Michelle is the Digital Lifecycle Services Manager in the department of Cornell University Library Information Technology (CULIT), coordinates Cornell's partnership in HathiTrust, and is the Service Manager for the Cornell University Library Archival Repository (CULAR). From 2010-2014, she managed CUL’s digitization effort with Google Books. She is familiar with the creation of digital objects at scale, and strategies for preservation of digital assets, data modeling and database design, and basic system architecture. She contributes to a number of other efforts related to technology-enabled research, projects in digital humanities, and leads introductory workshops about computational methods, file organization, and basic data and metadata modeling.
Devin is the Instructional Technology Coordinator, overseeing the public technology (computers, printers, plotter) for Olin and Uris libraries. He also leads or assists with several software workshops, including Photoshop, Gephi, and LaTeX. Along with Camille Andrews, Devin leads the library's Makerspace initiative and works with the student group CornellMAKE to encourage physical and digital creation across all disciplines. He is leading the pilot project for the programming consultation service, providing technical assistance on digital humanities projects.
Alums of the CoLab
Elizabeth Murice Alexander
Elizabeth Murice Alexander is a doctoral candidate in English Literature at Cornell University. Her dissertation focuses on the intersections between technology and black bodies, considering how black people are produced by and produce digital and analog technologies. In particular, she is interested in black women’s literature and queer of color literature, examining how these subject groups have exploited technology in service of self and world making.
Malcolm is a longtime Digital Humanities Intern. He currently leads the Textual Analysis working group. While at the University of Virginia, Malcolm contributed to the Collective Biographies of Women digital archive. His recent projects include Novel Embassies, a comparative distant reading of architectural motifs in the world nineteenth-century novel, and To Trim a Torch: Modeling Pause in British Women’s Gothic Fiction, a stylometric investigation into the novels of Ann Radcliffe, Elizabeth Barrett Browning, and Mary Gaskell.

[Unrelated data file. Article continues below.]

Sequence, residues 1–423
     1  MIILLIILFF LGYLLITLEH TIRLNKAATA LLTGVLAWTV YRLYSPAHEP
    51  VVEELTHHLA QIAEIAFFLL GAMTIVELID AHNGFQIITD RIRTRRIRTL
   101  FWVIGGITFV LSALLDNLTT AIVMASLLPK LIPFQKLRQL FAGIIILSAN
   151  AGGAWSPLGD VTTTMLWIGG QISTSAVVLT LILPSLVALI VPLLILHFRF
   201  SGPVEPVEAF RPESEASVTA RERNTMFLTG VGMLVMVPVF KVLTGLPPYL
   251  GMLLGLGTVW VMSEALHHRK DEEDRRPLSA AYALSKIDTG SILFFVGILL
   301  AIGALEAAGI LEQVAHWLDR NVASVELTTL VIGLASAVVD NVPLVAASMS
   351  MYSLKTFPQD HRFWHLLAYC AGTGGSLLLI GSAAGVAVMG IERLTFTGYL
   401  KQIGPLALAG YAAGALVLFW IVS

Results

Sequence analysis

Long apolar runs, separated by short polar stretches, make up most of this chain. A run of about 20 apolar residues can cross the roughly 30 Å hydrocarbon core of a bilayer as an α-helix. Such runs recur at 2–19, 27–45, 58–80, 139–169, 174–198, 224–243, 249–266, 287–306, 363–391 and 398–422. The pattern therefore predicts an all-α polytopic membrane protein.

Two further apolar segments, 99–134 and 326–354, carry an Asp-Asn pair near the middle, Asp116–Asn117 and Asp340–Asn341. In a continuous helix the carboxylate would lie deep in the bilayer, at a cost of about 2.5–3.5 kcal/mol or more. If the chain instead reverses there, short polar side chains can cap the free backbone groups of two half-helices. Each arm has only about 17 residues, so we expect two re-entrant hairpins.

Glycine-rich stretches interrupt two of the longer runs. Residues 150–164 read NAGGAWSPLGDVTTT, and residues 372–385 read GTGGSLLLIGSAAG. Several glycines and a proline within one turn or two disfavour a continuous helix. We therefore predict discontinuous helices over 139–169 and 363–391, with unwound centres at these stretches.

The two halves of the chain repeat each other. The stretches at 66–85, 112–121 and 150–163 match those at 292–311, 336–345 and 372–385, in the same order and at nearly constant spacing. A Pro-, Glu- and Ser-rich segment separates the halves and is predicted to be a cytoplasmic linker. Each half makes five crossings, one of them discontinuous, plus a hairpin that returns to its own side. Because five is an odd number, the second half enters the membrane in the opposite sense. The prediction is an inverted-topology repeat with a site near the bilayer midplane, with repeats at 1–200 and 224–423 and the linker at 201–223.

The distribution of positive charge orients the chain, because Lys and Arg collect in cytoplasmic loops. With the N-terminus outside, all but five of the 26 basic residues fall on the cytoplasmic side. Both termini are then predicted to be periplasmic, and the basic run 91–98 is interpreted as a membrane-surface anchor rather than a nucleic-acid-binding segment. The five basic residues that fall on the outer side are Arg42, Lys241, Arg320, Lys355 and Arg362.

John Wyatt Greenlee
John Wyatt Greenlee graduated in 2020 with his PhD in Medieval Studies, with a focus on cartographic history. His dissertation was a study of eels in medieval and early modern English history. He has previously been a whitewater rafting and caving guide in East Tennessee, worked for Sing Out! folk music magazine, and spent a decade coaching collegiate volleyball. He has published on comparative persuasive cartography in modern Hawai’i, on the roles of mapping and memory in the popular fourteenth-century work, The Travels of Sir John Mandeville, and on the medievalisms at play in J.R.R. Tolkien’s maps. Some of John's recent projects include: Mapping Mandeville Project, Eel-Rent Project, Matthew Paris's Annotated Map, Medieval Maps and Mapping Resources.
Kelsey is a PhD candidate in History at Cornell University where she specializes in the history of death and commemoration of the dead in late colonial India. An alumna of both CUL’s winter immersion program and summer DH fellowship, Kelsey learned SQLite and Python to create a bespoke database to manage her archival research. She leads workshops on information management, relational databases, and digital workflow for humanities researchers.